Bellingham recycling pioneer Carol Rondello dies at 66

Carol Rondello, an early advocate and organizer for recycling and other environmental programs in the city, died Tuesday, June 16, at her Bellingham home. She was 66. A private funeral is planned.

In the early 1980s, after the League of Women Voters studied solid waste issues and the local chapter began recycling for its members, Rondello and other volunteers organized curbside recycling, starting in Birchwood neighborhood and soon spreading to other city neighborhoods. Within five years, 10 neighborhoods had curbside pickup — some weekly, some monthly — under an umbrella group called Bellingham Community Recycling.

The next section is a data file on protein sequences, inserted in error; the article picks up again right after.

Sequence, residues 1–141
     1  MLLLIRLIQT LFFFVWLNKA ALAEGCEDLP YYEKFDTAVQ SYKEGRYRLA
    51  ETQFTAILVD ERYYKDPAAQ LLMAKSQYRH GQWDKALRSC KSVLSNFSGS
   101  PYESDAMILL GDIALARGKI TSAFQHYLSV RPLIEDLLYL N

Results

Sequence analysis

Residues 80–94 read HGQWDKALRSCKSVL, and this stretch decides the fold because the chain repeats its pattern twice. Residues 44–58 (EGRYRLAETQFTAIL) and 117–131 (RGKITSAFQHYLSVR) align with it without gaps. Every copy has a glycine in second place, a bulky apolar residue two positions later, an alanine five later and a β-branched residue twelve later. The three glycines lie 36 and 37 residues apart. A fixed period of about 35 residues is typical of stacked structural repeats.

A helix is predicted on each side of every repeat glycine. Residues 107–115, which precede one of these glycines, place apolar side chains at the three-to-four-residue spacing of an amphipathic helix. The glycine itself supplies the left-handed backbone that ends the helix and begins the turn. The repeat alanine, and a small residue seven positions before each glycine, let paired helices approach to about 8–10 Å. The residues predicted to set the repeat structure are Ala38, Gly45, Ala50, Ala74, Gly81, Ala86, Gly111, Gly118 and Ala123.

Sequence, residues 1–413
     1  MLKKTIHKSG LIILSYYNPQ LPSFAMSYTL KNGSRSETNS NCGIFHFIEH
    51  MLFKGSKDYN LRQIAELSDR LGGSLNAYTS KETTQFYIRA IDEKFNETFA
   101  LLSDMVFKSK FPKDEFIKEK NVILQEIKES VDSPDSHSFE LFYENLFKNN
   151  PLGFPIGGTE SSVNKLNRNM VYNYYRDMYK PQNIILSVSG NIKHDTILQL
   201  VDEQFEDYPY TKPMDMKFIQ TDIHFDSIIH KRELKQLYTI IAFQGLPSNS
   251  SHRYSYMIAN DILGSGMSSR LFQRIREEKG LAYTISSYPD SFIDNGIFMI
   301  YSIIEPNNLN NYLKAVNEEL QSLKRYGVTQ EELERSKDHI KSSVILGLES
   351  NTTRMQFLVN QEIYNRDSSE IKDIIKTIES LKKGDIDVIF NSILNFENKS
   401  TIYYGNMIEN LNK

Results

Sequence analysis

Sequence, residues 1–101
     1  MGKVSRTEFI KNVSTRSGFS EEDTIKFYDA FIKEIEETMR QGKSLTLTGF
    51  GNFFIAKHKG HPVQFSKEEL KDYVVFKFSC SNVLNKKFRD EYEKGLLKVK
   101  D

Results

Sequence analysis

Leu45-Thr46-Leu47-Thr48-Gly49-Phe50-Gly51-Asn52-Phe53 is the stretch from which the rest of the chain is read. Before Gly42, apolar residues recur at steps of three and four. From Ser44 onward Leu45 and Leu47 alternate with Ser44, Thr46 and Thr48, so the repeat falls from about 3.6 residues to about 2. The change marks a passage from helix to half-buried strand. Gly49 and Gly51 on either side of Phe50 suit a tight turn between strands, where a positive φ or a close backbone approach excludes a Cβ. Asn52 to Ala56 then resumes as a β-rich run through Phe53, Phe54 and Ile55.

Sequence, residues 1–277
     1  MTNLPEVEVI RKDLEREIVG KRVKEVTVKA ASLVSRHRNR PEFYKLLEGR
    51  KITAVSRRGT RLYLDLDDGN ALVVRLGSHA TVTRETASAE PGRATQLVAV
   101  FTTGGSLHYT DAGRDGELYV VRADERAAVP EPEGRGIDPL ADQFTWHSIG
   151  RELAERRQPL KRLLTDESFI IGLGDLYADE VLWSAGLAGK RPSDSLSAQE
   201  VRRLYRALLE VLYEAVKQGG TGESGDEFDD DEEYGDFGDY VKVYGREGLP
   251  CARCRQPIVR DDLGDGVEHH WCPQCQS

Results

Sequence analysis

Those neighborhoods accounted for nearly two out of every three households in Bellingham. The effort, possibly the largest volunteer-run recycling program in the country at the time, was intended to convince Bellingham to make curbside recycling a city-run service.

“Our goal was never to be recyclers,” Rondello told The Bellingham Herald in 2014 for a story marking the 25th anniversary of curbside recycling by local governments. “It was to show the city the public wanted and embraced it.”

Rondello also served as executive director of Environmental Resource Services, now called RE Sources, for many years, and was the regional blood drive coordinator for Puget Sound Blood Center since 2000.

She was diagnosed with multiple myeloma in early 2014. In lieu of flowers, donation checks in her memory may be sent Seattle Cancer Care Alliance, P.O. Box 19023, Seattle, WA 98109; or call 206-288-2070 to donate by phone.

Reach Dean Kahn at 360-715-2291 or dean.kahn@bellinghamherald.com. Read his columns at bellinghamherald.com/dean-kahn.